My body is my house, my house is my territory.. I will not give away the keys

International Summit of Women and People of the Americas against Militarization

In August, Colombia hosted the first “International Summit of Women and People of the Americas against Militarization,” which was attended by almost 3000 people, including around 200 international delegates from the Americas and Europe. The event provided a unique space for organizations and social activists to come together to share, denounce, and visibilize the effects of militarization and war on the bodies of women, territories, and civil society, with the objective to systemize the experiences of resistance against militarization and to define a strategic agenda to coordinate a social movement of women and people for the defense of territories. Although the Colombian Constitutional Court deemed the agreement leasing seven Colombian bases to the U.S. unconstitutional on the second day of the summit, the focus of the attendees remained centered on building a strong opposition to the rise of U.S. military presence in Latin America.

The summit, convened by the Social Movement of Women Against the War and for the Peace, came out of a long process involving 60 Colombian social organizations that have spent the last four years developing a common agenda against militarization. According to Betty Puerto of the Women’s Popular Organization (OFP), the goal of the movement is to eventually present a proposal of peace from women to the Colombian national government urging a political negotiation to the armed conflict, along with various measures to assure that human rights are protected in Colombia. The Social Movement of Women was spearheaded ten years ago by the OFP, when they began to collect information about the suffering of women caused by the effects of the internal conflict. Jacqueline Rojas, the Barrancabermeja regional coordinator, said that they later opened to the movement to other regions of the country, where other organizations already had initiatives, and began a campaign of popular education in schools and neighborhoods, teaching the effects of militarization on the bodies of women and civil society.

The movement now includes indigenous communities, labor unions, housewives, Afro-Colombian communities, political organizations, church organizations, academics, student movements, displaced people, small-scale farmers, community mothers, and regional peace processes, all of whom were represented in the summit, united under the slogan “We do not birth sons and daughters for war.”

The summit took place at a moment when U.S. imperialist forces are carrying out aggressive strategies of re-colonization to reposition and recuperate from the crisis of the capitalist system, according to the women of the movement. This has had dire effects on the people of the entire region; inequality, unemployment, violence, sexism, and poverty are becoming endemic in Latin America.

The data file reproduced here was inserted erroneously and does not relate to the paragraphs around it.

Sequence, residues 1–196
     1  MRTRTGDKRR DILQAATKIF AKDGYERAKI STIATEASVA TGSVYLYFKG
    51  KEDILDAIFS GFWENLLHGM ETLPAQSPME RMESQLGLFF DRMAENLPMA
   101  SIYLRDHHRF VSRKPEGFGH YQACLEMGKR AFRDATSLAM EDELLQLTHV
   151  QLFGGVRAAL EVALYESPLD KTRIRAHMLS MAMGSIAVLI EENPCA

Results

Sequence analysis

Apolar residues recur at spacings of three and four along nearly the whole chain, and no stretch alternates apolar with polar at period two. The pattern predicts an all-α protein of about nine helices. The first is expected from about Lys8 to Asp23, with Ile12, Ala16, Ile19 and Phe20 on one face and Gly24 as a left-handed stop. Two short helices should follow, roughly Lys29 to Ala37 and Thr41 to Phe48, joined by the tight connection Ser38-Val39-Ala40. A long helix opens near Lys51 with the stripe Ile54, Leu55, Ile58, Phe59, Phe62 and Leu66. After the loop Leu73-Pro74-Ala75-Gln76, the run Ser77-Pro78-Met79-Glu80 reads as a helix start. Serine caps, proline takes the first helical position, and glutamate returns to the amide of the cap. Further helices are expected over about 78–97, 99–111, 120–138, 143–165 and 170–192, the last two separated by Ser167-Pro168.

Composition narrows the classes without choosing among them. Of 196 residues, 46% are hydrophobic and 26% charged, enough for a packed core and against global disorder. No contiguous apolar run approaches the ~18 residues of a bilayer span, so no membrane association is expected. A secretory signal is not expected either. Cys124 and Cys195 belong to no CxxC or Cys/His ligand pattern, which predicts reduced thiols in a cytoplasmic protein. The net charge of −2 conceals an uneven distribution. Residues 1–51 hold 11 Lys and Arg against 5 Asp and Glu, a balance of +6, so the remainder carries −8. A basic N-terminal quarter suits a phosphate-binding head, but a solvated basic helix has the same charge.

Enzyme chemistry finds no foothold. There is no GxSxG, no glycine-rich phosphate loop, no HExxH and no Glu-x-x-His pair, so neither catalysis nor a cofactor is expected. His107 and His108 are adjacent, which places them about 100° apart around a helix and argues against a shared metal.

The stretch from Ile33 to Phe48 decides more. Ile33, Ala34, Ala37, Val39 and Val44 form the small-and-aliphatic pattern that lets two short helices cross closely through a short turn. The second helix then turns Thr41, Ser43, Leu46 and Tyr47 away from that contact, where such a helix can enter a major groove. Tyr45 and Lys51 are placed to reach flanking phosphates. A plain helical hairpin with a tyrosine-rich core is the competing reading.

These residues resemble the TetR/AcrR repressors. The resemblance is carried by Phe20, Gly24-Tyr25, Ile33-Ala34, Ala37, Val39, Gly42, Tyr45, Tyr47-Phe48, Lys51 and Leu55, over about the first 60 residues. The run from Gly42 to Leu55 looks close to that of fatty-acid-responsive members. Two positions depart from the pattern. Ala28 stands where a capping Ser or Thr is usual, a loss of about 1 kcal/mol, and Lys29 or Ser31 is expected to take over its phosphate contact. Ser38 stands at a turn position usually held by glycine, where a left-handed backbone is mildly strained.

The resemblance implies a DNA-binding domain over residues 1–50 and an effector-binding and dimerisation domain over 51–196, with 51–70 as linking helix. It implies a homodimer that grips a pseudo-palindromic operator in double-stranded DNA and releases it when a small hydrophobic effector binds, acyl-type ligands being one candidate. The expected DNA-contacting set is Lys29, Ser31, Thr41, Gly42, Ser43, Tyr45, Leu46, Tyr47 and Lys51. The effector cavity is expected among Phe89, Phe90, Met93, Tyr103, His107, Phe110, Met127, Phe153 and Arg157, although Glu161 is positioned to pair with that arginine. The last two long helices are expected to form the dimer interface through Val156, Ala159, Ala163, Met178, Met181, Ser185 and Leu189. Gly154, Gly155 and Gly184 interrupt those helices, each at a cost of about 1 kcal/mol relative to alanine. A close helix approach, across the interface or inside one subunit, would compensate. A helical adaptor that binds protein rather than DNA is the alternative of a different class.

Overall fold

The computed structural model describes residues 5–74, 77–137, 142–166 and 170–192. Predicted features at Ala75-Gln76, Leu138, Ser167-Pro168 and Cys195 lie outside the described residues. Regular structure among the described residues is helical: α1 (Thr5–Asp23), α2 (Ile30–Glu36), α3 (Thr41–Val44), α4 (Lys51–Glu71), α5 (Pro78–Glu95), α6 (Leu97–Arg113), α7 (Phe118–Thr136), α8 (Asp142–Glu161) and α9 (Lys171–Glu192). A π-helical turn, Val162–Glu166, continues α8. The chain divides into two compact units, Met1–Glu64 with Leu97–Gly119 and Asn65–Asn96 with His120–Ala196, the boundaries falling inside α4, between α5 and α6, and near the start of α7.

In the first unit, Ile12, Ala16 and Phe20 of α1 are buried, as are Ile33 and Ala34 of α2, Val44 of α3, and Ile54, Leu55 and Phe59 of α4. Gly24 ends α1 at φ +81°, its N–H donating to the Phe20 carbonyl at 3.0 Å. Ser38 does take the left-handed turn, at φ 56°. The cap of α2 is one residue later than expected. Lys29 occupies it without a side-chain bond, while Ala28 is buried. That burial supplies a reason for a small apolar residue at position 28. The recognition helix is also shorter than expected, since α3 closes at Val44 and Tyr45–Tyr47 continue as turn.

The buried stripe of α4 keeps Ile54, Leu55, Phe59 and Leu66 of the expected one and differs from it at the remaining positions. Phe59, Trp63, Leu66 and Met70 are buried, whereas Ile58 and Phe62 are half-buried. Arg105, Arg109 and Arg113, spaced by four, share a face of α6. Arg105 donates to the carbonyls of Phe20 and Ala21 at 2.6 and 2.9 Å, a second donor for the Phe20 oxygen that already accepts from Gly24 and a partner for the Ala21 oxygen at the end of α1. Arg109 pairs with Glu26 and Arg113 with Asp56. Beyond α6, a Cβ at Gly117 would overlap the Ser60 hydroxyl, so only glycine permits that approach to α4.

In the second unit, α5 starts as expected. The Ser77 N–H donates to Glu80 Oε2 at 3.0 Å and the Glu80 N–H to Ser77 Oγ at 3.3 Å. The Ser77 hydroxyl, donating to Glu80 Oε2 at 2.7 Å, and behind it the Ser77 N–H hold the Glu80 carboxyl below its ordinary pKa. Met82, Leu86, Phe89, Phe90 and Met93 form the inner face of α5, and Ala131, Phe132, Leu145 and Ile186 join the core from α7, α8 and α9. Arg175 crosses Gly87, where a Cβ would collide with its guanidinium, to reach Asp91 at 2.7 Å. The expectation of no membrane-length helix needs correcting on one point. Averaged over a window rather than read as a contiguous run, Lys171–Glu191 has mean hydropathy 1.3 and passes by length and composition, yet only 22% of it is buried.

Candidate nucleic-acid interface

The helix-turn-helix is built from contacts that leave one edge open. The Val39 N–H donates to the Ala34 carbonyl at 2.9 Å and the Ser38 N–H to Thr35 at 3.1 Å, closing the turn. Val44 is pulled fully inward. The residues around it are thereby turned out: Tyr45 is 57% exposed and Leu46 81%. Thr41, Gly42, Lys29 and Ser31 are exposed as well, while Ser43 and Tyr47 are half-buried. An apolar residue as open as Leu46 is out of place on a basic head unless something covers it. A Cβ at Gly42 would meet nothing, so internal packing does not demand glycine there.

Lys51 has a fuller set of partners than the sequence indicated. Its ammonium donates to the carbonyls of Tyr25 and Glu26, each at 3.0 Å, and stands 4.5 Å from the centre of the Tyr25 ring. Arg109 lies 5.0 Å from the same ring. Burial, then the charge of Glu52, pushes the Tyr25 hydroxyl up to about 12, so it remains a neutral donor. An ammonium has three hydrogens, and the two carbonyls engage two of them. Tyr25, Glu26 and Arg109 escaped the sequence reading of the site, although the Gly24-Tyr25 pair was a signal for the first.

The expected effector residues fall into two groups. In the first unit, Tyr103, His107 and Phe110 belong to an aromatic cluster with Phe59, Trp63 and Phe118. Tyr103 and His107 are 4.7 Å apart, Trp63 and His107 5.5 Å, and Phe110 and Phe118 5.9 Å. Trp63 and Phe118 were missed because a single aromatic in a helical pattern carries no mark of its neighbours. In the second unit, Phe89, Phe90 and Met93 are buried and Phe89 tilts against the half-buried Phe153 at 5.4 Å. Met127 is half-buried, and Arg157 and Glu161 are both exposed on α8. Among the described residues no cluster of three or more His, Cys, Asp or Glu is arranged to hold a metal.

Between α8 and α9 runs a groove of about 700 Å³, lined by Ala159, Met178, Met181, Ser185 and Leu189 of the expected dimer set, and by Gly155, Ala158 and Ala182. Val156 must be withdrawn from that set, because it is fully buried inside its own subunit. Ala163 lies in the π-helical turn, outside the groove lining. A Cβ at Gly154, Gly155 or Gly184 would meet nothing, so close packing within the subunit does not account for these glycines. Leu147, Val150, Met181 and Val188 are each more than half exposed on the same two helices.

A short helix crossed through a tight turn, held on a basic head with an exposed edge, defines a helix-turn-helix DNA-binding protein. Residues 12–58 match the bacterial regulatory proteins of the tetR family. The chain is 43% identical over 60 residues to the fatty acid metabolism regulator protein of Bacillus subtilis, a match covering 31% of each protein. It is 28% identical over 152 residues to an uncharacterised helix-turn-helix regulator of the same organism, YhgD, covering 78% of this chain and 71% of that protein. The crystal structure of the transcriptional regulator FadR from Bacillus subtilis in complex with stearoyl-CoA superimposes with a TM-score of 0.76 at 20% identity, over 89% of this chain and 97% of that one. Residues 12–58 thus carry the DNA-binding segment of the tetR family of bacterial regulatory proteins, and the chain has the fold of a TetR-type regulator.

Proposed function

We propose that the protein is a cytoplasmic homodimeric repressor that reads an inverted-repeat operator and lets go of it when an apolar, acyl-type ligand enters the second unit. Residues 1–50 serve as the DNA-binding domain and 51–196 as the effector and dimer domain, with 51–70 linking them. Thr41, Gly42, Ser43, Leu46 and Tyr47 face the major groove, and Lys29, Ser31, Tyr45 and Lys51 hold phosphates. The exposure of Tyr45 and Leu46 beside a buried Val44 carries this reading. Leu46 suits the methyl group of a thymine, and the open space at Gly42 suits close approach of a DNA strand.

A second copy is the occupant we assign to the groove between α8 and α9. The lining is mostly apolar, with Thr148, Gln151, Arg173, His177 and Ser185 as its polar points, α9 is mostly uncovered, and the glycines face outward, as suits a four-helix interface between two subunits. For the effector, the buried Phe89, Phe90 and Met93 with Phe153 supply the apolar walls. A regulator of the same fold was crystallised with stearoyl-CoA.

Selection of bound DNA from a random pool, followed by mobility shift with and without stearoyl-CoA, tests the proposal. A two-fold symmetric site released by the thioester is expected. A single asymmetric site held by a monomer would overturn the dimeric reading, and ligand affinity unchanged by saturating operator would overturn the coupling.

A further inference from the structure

Colombia is no exception – a country abundant in natural resources such as minerals, petroleum, carbon, water, and biodiversity, where 65% of the population lives in poverty on less than $5 a day and 56% of Colombians are unemployed or underemployed, according to Felix Posada of the Popular Center of Communication in Latin America, who gave a talk on the Colombian context the first day of the summit.

The territories of Colombia, and likewise all of Latin America, are being exploited by transnational companies, who use the tactics of militarization, war, displacement, and murder of the people to claim control of territories. U.S. economic interests are protected by U.S. military bases, which are strategically positioned all over the continent, and have been used to exert influence and control over the region. Although the history of U.S. military intervention in Latin America is well known, many feel the trend continues – the plane that carried the Honduran president out of the country after a military coup last year stopped at a U.S. base, suggesting U.S. participation. Berta Cáceres, a summit atendee and resistance leader in Honduras, thinks the CIA was behind it.

Violations of human rights are further aggravated by U.S. presence – in Colombia, U.S. military personnel contracted by an oil company to protect a pipeline participated in the massacre of 17 civilians in 1998. A recent study published by FOR found that despite legal mechanisms to prevent U.S. military aid to Colombian army units that commit human rights violations, not only has the U.S. provided assitance to such units, the number of extrajudicial executions went up in more than half of the units after they received aid linked to Plan Colombia.